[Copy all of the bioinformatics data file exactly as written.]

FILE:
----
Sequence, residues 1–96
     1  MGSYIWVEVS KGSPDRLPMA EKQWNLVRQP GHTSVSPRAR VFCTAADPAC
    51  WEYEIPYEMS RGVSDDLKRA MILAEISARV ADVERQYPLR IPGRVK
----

Sequence, residues 1–96
     1  MGSYIWVEVS KGSPDRLPMA EKQWNLVRQP GHTSVSPRAR VFCTAADPAC
    51  WEYEIPYEMS RGVSDDLKRA MILAEISARV ADVERQYPLR IPGRVK